What I think Roy will be remembered for is understanding the vision of his father and especially of his uncle. He understood that they were businessmen, but also artists. They wanted to create great things, be it movies for the ages or amusement parks that didn't have dirty carnies wandering about. The last two times Disney lost its way, Roy was on the front line fighting those who wanted to destroy it.

Now it's not that these guys were bad guys. They didn't specifically desire the destruction of Disney. It's just that they were suits-&-ties. Men who got to where they were via well-tread paths and connections, and really had no specific skills. This infection (and trust me, it is an infection), is somewhat unavoidable. As a company grows, the ethos that started with the company becomes diluted. The original guys with all the talent either die or cannot watch over every aspect of the company.

Inevitiably, a suit with an MBA gets hired. And since he has no skills, and knows that he has no real skills, he will surround himself with other skill-free people to ensure that he's never found out. Thus, the infection spreads. You can see this growth of suits-&-ties in many corporate stories. Worldcom, IBM, Disney, all American car companies, etc. It's a business story as old as business. And Roy was there to try and stop Disney Corp. from falling into the same trap.

First he led a shareholder revolt that installed Michael Eisner and brought about the Disney Renaissance. After Eisner slowly but surely lead the company into the artistic crapper, I'm left to wonder how much of the renaissance was Roy's doing, but I'll give Eisner the benefit of the doubt.

Roy was an immense stabilizing force in Disney. He always had his eye on the art, and that resulted in movies that Eisner himself would have never produced, like Fantasia 2000. Disney is incredibly lucky that they now have the guys from Pixar sprinkled throughout the corporation, hopefully providing the same focus and skill that men like Disney once provided.

If Roy had died only a few years ago, I would have lamented that he died with little hope that Disney would ever return to the lofty artistic and productive heights of its golden era and the new renaissance. But, very happily, he died now. He died with a new era of Disney just beginning to stretch its legs. The merger with Pixar and the production of Princess and the Frog must have put his heart at ease, and I'm happy about that.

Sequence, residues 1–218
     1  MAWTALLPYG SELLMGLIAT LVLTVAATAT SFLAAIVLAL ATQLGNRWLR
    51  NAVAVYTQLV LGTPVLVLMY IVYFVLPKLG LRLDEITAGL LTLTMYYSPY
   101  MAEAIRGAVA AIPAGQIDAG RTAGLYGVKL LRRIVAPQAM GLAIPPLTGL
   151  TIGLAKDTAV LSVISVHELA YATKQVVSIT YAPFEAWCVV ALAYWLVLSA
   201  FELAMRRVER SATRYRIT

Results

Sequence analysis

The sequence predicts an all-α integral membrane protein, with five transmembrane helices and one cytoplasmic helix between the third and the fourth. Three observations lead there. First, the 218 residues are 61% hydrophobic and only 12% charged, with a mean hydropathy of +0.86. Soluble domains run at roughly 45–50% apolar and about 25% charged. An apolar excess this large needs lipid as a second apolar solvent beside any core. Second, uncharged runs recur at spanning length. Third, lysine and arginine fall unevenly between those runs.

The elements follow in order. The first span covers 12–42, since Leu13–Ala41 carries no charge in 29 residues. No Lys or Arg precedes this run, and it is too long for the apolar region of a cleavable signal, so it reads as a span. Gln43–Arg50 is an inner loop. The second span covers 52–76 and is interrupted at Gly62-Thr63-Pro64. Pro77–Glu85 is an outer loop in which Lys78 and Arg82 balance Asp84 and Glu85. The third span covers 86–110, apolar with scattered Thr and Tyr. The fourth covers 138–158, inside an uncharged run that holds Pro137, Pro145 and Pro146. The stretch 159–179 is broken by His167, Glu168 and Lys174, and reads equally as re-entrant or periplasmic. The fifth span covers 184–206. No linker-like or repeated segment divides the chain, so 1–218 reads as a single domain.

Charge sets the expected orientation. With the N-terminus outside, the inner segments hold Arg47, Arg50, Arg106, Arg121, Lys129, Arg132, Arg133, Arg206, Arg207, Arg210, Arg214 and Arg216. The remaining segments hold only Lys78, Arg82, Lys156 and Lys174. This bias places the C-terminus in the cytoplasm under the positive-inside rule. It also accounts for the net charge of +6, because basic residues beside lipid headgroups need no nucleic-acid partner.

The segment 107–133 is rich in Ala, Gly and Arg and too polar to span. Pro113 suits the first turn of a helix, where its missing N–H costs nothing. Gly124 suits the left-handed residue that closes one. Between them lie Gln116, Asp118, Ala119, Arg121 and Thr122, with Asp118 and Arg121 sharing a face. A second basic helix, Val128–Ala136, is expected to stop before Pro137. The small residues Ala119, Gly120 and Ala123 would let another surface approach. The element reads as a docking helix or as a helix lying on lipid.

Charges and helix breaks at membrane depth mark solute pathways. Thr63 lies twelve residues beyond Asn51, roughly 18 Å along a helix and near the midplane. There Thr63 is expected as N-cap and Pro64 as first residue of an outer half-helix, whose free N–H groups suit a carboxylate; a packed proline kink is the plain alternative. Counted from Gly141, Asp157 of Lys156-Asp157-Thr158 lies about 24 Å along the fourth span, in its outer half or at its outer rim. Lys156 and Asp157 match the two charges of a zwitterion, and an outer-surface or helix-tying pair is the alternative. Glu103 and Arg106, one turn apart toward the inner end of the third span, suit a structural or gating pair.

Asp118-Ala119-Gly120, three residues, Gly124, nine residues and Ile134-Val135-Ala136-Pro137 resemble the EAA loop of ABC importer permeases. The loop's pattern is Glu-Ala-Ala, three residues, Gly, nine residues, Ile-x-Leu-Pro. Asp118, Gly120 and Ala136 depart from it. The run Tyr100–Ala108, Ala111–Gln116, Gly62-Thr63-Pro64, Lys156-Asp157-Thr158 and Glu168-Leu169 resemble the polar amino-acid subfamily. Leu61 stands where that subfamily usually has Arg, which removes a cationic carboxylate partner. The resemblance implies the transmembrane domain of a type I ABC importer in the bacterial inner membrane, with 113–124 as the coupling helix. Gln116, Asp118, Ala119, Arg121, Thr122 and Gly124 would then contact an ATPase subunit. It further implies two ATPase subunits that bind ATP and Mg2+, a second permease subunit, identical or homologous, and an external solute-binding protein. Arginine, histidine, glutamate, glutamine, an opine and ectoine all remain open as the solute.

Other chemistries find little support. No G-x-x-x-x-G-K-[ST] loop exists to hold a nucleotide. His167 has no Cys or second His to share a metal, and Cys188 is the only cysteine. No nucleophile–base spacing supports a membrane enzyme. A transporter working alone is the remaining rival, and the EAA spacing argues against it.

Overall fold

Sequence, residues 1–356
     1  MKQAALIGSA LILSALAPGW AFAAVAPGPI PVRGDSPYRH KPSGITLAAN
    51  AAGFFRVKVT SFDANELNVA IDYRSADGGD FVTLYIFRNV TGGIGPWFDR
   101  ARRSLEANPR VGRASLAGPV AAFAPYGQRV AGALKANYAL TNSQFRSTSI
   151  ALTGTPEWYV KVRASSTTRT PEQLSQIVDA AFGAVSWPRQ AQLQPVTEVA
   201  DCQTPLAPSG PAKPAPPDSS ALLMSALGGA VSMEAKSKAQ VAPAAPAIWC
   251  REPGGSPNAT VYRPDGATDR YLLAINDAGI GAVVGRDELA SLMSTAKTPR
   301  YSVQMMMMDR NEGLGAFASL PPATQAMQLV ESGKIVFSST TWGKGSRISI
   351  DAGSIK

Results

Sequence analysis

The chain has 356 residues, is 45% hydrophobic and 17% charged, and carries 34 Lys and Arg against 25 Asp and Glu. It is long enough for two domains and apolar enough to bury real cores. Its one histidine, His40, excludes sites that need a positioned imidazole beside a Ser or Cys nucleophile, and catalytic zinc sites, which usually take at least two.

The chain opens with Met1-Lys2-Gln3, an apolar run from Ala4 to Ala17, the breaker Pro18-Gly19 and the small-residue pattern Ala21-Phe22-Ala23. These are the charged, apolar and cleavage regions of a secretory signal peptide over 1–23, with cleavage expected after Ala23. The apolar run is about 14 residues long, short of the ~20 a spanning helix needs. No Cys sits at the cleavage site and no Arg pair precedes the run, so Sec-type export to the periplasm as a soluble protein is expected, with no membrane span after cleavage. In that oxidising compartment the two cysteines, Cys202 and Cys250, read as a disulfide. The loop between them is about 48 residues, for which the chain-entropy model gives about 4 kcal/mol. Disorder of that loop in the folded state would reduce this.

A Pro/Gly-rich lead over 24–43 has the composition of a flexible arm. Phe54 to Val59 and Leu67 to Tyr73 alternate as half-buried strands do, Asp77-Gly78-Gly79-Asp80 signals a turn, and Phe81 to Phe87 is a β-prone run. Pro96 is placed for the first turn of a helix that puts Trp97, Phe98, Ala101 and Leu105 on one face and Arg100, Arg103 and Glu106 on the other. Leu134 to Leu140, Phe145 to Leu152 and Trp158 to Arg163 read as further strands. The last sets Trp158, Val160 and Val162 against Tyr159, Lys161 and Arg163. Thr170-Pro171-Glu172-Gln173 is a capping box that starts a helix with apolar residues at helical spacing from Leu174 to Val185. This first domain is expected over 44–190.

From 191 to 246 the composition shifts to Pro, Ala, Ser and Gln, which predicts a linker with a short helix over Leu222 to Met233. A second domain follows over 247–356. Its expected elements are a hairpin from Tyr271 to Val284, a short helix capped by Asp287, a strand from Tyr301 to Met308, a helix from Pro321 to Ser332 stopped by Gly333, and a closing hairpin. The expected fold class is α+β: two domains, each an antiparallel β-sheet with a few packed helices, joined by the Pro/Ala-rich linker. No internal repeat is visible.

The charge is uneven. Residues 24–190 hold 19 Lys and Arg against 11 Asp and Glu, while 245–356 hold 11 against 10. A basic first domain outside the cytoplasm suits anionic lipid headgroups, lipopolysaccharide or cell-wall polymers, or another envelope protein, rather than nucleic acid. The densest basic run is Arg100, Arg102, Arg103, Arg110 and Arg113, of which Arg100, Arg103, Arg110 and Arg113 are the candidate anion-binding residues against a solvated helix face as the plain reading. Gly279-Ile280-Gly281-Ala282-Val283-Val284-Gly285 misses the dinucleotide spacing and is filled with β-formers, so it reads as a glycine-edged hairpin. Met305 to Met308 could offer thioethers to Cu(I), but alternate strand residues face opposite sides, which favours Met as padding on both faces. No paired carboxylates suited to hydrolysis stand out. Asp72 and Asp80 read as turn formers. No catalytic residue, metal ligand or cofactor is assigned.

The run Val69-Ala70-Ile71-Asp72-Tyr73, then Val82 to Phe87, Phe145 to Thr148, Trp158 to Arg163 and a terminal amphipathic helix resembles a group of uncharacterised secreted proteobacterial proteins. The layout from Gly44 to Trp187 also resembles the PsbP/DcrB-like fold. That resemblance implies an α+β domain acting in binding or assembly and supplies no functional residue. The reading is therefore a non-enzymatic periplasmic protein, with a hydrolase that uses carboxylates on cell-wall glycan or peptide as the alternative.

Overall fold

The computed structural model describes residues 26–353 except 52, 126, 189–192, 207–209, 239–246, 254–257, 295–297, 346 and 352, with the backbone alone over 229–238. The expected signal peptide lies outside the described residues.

Rest in peace, Roy, your work was not in vain. The company you love, I think, is safe for the time being.

Friday, December 4, 2009

Betty Boop Film Class Part 8

Otzi08 Has been kind enough to upload one of the few Betty Boop cartoons not available on YouTube; the tragically dated Teacher's Pest. I'm jumping back in time for this one, since we're already up to Minnie the Moocher, but the uploading of it was a big enough event to warrant a new film class post.

It's alarming to see how old this cartoon feels. The comic timing, the staging, the animation, the voice, everything seems old. Strangely, it feels older than some of Bimbo's earlier cartoons, like Dizzy Dishes.

Much like most of Fleischer's earliest cartoons, it seems to be ripped straight from Vaudeville, with most of the action built around allowing song-and-dance numbers. The overall staging has not yet started to delve into the surreal, instead simply using a school day as an excuse for aforementioned song & dance. Still, though, he's using cartoons to produce moving images that are simply fun to look at, and that's the only reason they exist. Like Bimbo snoring; there's no reason to have ten seconds of the table walking around other than that it looks funny. This also allows him to come up with a funny animation sequence and then repeat it. The audience doesn't notice the repeated sequence of frames because they're so damned weird to begin with that the eye actually appreciates the extra time to contemplate what it's seeing.

Furthermore, while the staging is archaic, the animation is anything but. It's substantially more advanced than what was seen in Dizzy Dishes. The constructs are still a bit wobbly, but they're much firmer. None of the grotesque fluctuations seen in earlier cartoons, where the character looks vastly different from scene to scene. To see what I mean, bring up Dizzy Dishes and freeze any given frame. Then do the same for Teacher's Pest. Each frame stands alone much better, and this cartoon is less than a year younger.